INTRODUCTION the endosperm, protein and cell walls, which makes

Barley is a significant food source for humans and used as a
crop for animal feed. It comes on fourth number in the area of
farming of cereal crop in the world. The vital role of barley is
that, it is used as a material which is used for manufacturing of
malt and beer. The process of malting involve the germination
of barley in a controlled condition in which hydrolytic enzymes
are produced which digest the starch of the endosperm,
protein and cell walls, which makes the grain easily
crumbled.(Bamforth and Barclay, 1993)
Malting is restricted germination of cereal grains.Occasionally
malt is used after drying in a warm air or by sun drying. It is
used to prepare food and drinks in all over the world. In
industrialized countries usually malt is prepared by barley but it
can also be made by different varieties of millet, wheat, maize,
oat rye, triticale and even the rice.
The word malt is derived from the word “melt” as during the
process of germination it becomes soft, or may be the word
“malled”(broken) because in the processing of brewing malt
are milled. (D.E. Briggs, 1998)
Protein in Barley and Malt
The barley consists of number of protein. The fully ripened
grain of barley contains a wide range of protein that versatile in
structure, location, role and other chemical and visible
qualities. The seed tissues of barley have large number of
dissolve protein contents and a clear entire complement of a
protein. The three tissues of the barley seed which are the main
tissues are the embryo, aleurone layer, and endosperm .the
amount of protein in barley is an important factor to identify
the attributes of malting, which is affected by the fertility of
soil, fertilizer application, rotation of crop and climate
conditions.( Finnie C and Svensson B ,2003)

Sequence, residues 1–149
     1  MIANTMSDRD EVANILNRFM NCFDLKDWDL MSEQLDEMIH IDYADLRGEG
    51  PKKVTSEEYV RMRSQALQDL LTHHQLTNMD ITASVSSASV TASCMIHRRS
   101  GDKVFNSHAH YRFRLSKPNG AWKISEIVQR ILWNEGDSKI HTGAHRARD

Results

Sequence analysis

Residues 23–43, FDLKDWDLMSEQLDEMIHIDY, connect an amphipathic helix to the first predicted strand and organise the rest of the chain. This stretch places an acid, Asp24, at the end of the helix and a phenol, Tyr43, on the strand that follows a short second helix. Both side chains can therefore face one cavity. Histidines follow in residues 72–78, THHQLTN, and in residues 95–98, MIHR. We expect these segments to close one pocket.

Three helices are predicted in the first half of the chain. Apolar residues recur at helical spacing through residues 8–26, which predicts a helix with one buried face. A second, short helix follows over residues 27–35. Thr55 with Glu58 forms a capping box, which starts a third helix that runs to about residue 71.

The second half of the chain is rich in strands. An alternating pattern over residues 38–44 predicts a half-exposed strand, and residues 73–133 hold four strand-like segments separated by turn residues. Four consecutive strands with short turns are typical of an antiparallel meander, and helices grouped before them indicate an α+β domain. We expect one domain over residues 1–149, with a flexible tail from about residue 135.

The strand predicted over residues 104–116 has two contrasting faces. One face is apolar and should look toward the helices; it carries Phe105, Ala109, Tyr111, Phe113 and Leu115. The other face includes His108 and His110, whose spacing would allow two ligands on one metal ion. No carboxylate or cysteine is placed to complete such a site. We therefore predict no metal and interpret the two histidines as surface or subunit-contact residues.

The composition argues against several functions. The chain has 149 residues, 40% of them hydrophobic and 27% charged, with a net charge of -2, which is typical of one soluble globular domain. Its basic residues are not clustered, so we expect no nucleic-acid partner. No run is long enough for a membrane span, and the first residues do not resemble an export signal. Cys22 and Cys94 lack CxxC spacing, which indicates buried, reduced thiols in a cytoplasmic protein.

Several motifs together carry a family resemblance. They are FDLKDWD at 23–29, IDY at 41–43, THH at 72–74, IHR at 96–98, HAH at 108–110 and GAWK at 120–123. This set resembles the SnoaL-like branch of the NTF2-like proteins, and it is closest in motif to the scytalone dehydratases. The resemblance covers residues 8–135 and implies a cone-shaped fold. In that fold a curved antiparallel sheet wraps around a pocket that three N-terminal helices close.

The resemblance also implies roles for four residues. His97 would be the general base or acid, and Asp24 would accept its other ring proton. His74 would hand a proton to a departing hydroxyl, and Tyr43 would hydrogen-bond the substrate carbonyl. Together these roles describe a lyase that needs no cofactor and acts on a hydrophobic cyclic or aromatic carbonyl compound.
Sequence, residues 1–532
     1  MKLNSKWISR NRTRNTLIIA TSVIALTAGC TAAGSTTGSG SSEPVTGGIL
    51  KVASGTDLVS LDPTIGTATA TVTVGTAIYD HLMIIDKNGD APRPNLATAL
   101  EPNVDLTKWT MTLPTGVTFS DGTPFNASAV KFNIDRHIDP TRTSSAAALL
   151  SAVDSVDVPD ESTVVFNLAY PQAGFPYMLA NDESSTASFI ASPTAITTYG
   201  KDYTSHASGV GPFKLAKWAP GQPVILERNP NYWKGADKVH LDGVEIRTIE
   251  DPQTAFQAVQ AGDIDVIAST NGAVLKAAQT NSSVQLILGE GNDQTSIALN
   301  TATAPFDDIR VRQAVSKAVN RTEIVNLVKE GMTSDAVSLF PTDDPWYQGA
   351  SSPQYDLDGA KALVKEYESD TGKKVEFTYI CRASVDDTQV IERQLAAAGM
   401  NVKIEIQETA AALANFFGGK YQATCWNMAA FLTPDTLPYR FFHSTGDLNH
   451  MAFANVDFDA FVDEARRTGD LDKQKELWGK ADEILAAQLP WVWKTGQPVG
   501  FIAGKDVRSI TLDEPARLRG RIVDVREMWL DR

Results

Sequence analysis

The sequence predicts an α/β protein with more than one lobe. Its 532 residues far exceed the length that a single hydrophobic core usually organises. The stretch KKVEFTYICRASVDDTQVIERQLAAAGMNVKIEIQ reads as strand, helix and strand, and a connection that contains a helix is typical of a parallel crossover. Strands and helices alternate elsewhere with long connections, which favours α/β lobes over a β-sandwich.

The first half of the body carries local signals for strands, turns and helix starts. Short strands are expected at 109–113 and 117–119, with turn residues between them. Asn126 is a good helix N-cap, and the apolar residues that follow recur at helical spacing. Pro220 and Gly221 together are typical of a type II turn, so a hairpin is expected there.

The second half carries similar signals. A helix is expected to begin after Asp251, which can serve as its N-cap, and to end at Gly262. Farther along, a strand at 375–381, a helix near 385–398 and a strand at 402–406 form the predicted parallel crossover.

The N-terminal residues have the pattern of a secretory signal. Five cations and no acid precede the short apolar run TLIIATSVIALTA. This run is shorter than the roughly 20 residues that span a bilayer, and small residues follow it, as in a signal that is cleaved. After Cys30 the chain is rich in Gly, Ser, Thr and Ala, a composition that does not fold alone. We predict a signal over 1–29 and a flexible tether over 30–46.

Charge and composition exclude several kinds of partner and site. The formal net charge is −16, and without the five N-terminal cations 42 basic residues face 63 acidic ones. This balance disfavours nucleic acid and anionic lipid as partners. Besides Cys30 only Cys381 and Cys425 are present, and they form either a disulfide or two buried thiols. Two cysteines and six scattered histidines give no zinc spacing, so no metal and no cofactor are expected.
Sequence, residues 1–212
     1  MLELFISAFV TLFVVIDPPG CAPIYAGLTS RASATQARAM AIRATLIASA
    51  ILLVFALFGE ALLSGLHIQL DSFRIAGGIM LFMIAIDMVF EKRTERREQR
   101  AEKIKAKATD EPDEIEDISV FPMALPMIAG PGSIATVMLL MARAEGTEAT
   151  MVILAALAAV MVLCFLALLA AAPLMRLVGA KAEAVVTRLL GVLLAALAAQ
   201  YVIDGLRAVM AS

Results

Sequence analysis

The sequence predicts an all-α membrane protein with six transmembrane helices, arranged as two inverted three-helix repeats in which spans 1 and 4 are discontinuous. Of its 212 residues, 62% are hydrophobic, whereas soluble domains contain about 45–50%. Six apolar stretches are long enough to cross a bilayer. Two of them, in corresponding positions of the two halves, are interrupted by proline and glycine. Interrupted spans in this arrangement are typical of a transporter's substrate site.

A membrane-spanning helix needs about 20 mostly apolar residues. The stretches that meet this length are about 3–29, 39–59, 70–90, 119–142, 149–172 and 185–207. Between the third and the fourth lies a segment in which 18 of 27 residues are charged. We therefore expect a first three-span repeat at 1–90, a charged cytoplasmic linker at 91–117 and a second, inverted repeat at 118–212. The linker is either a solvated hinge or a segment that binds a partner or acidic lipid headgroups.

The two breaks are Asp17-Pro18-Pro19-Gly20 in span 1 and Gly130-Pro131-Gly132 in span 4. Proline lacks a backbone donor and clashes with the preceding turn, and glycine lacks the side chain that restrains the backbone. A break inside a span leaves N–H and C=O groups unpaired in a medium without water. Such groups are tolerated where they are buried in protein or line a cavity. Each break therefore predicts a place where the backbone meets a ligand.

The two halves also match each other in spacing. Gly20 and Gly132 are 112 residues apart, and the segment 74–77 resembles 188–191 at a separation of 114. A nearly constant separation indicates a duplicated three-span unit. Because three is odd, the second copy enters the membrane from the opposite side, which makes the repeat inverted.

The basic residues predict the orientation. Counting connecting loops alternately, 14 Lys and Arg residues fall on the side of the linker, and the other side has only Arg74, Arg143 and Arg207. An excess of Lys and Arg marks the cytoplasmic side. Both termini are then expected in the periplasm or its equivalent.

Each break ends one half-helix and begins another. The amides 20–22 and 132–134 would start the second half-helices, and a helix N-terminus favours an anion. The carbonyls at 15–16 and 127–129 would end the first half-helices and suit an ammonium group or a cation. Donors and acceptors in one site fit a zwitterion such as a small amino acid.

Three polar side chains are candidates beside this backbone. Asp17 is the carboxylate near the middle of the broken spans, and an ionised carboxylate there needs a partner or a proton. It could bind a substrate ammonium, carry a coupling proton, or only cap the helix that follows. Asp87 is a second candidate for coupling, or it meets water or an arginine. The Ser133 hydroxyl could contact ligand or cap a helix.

The quality of barley seed is determined by the presence of
protein. In the process of malting, the enzyme proteinases
breakdown the barley storage protein into amino acid and
peptides. (Kunze W, 2007, Narzi L, 2005, Jones BL et al 2000).
The most important factor for the composition of protein is to
estimate the level of protein in malting and which can be
measured by conventionally method, the Kolbach index
(soluble nitrogen/total nitrogen*100).( Evans DE,1998, Iimure T
Why Barley is best for Malting Process?
Barley consist of such enzymes which convert the
insoluble starch into simple sugars and it also consist of
simple protein, produce yeast and develop the other
enzymes.(Kelly J. Kuehl,1994 )
Why is the Mash important?
To convert starch into sugar, it is an important step
which affects the finished beer.
Starch Degradation
Raw Barley
(Starch to
Malted Barley
(Simple Starch)
Malting Process
Malting is a set of processes in which germination of
barley is done in order to make sugar present inside the
kernel suitable for mashing.
Malting process consist of three basic steps which are
? Steeping
? Germination
? Kilning
? The aim of steeping is to uniformly hydrate the endosperm
of the raw barley kernel.
? The process of germination will enhance by increase of the
moisture content of barley grain is almost 12% to 45%.
? The process of steeping is complete approximately 36-48
hours and it depends upon the moisture content of raw
barley kernel which is going to steep.
? After the process of steeping the grains need to sprout
fully so that the kernels are scattered in a hidden
compartment type “bed”.
? The beds of germination barley not exceed 15cm.
? The traditional floor malting is usually preferred in mostly
malt houses.
? The beds of grain required aeration at regular interval.
? To develop the grain rootlets, set over the next 3-6 days so
that malt’s protein and enzyme content are modified.
? The malt will be highly modified as long as the duration of
germination is given.
? In the post germination process pre-kilned barley is made
which is called “green malt”
? The green malt or sprouted malt is moved into kiln to dry
which modify the kernel.
? Malt is dried as much as possible at a lower temperature
around 90°F which helps to preserve the enzyme in the
? The 1st drying period usually takes about 24 hours.
? The 2nd drying period is carried at slightly high
temperature around 120°F which last for approximately
? The 3rd step is curing which takes about 24-48 hours at
almost 180-220°F.
? The process of malt affects the stability, fragrance and
? The process of malt regulates the length of kilning and
Malt is splited into two distinct groups:
? Brewer’s or Base Malt
? Specialty Malt
Base malt has the ability to convert their own starch.
Speciality malt has less ability so that they are just only use to
provide taste, essence, and color to the finished beer.
6 Critical Points
1)Color ( it change from batch to batch)
2) Moisture (Base malt should be 1.5%)
3) Extract (DBCG)(Dry Basis Coarse Grind)
4) Diastatic Power (power to reduce the starch enzyme
into malt)
5) Protein (Total) 10-12%
6) Kernel Size (easier to mill)